Jeff Groves on Becoming the General Counsel of O’Reilly Auto Parts
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We started the episode with Jeff sharing how he went from music education major in his junior year to pursuing law school. We discussed how his goal was to become a law partner and how the opportunity to go in-house came about. We discussed the events of 9/11 and how his family narrowly avoided tragedy. Jeff shared how as the company grew, he grew as General Counsel. We discussed his definition of leadership. He shared a passion project of his related to tort reform in Missouri. Jeff shared what he wants and expects from outside counsel. We discussed his family and their travels. We wrapped up the conversation with the fiction he’s reading and which Missouri MLB team he roots for.
Here are some highlights of my interview with Jeff Groves:
Going in-house was never a goal of mine. My focus was to become a partner in a law firm and do good work for the clients.
When appointed as General Counsel, I knew there was a lot that I didn’t know and it would be an uphill climb, but I was up for the challenge. The company was very patient with me and gave me access to the resources that I would need to get there. As the company grew, so did I.
Being in-house has been exciting because it allows me the resources and the time that I need to become acquainted with things that I certainly had not been acquainted with until I got here. I think being in-house is very fulfilling.
People who are self-motivated find success in-house. I won’t say I’m smart, but I work hard. I’m driven to try to get the best results for my client that I possibly can. So, if you’ve got a brain, a desire, and some ambition, then you can go in-house.
Rolling up your sleeves, listening to your client, being calm, being workmen-like, and taking the steps that you need to be successful is how I approach leadership.
Missouri has sometimes been known as the “Show Me Your Lawsuit” state. If there’s ever going to be meaningful business development in Missouri, then we’re going to have to see tort reform become a reality to level the playing field.
Outside counsel attorneys have to be willing to draw their line in the sand and say this is what I think the outcome is going to be. Lawyers don’t guarantee results and I don’t expect that, but I do expect them to tell me what they would do if they were me.
I’m going to the K if I’m driving to a ballpark to watch a game. Kansas City baseball every day of the week and twice on Sunday.
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Greetings friends, this is Chris Batz, your host of the Law Firm Leadership podcast. In today’s episode, I spoke with the general counsel of a well-known publicly-traded company. He shared his personal and very moving story of a historic catalyst in our nation’s history that led to his transition from private practice to in-house and much more. You don’t want to miss this.
Just a reminder, the PDF transcript of this audio is available to download. Go to LionGroupRecruiting.com/podcast.
As many of you know, we interview corporate defense, law firm leaders, partners, general counsel, and legal consultants. You are listening to episode thirty-eight of the Law Firm Leadership podcast.
Chris: Welcome to The Law Firm Leadership podcast. I’m your host, Chris Batz with The Lion Group. Today, I have the pleasure of speaking with Jeff Groves, senior vice president and general counsel of O’Reilly Auto Parts. Jeff became an O’Reilly team member and joined the legal department in 2004. He became the first general counsel for the company in 2006. Prior to O’Reilly, Jeff was a commercial litigator and a trial lawyer in Springfield and Kansas City, Missouri. He received both his law degree and undergrad degree from the University of Missouri Columbia. Welcome, Jeff, to The Law Firm Leadership podcast. It’s great to have you on the show.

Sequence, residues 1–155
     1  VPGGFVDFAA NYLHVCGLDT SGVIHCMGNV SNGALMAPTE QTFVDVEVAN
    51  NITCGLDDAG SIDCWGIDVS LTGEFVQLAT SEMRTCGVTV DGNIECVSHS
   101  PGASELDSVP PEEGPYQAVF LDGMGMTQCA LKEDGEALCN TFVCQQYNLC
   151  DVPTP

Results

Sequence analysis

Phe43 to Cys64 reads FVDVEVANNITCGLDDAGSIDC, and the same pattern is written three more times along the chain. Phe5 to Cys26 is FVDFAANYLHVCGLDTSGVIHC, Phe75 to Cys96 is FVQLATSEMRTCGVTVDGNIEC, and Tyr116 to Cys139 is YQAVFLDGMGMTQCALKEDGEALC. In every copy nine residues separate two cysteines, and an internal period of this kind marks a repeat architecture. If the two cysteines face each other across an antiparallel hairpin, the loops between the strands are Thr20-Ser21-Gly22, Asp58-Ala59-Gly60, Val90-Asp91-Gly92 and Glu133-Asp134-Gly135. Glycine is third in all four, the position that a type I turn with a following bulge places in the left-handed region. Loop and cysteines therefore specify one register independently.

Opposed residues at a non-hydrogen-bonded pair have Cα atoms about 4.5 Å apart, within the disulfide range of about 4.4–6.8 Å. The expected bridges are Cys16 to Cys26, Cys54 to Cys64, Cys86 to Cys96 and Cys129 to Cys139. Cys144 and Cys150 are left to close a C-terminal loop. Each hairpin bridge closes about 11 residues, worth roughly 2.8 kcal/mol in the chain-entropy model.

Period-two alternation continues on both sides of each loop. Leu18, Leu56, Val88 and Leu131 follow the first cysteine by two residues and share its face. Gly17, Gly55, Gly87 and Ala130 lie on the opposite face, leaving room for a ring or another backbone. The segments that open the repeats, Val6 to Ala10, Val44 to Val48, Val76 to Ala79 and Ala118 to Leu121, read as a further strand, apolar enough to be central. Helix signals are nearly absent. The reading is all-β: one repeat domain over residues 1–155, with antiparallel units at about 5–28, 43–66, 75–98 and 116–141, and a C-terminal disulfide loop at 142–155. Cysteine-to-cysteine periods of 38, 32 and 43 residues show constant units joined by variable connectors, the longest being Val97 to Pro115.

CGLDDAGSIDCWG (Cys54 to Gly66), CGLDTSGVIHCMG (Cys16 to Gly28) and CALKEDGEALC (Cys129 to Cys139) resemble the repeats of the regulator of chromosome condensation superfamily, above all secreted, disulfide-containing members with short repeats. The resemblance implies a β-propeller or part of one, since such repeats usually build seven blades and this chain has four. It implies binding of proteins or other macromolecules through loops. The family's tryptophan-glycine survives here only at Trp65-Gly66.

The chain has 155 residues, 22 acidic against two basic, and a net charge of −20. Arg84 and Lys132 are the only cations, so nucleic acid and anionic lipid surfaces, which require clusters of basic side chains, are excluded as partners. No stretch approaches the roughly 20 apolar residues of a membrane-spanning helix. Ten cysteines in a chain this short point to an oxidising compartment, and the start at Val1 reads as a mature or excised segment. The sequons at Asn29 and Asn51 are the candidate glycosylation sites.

Jeff: It’s great to be here, Chris. Thanks.
Discovering a Love for Business Law
Chris: Jeff, I couldn’t help but notice that you have a rather intriguing undergrad degree. I’d love for you to share how you decided to become an attorney and your journey to general counsel.
Jeff: I went to the University of Missouri and took a business law class when I was in undergrad that really excited me. In my junior year of college, I first considered being a lawyer. In school, I was a music major up until that point, but was very excited about this class and started to look into law school and went on to law school at Mizzou.
I ended up in Springfield, Missouri at a firm called Daniel, Clampett, Powell & Cunningham and worked there for a number of years. After that, I also did a stint at Shook, Hardy & Bacon in Kansas City. Then, I returned to Springfield and was a partner at the Daniel Clampett firm for several years. I made my way in-house to O’Reilly through one of my old partners at a previous firm. He had done some work for O’Reilly and they were looking for their first-ever lawyer to shepherd litigation within the company. After a series of interviews and 15 years later, here I am.
Chris: Did you pursue your music degree with an interest to go into music performance or education?
Jeff: I was always involved in music in high school. When I began college, I thought that I would end up teaching high school band or choir somewhere and that was my focus until my junior year. I was in jazz bands in high school, did marching band at Mizzou, played in the Symphonic Wind Ensemble at Mizzou, sang in University Singers and Chamber Singers, and did opera workshop for five years.
Chris: Do you currently do anything with music now?
Jeff: I’m a member of Trinity Presbyterian Church here in Springfield and I sing in the choir there. Once in a while I’ll sing a solo, but not very often. Those things tend to fade over time and it’s been a long time.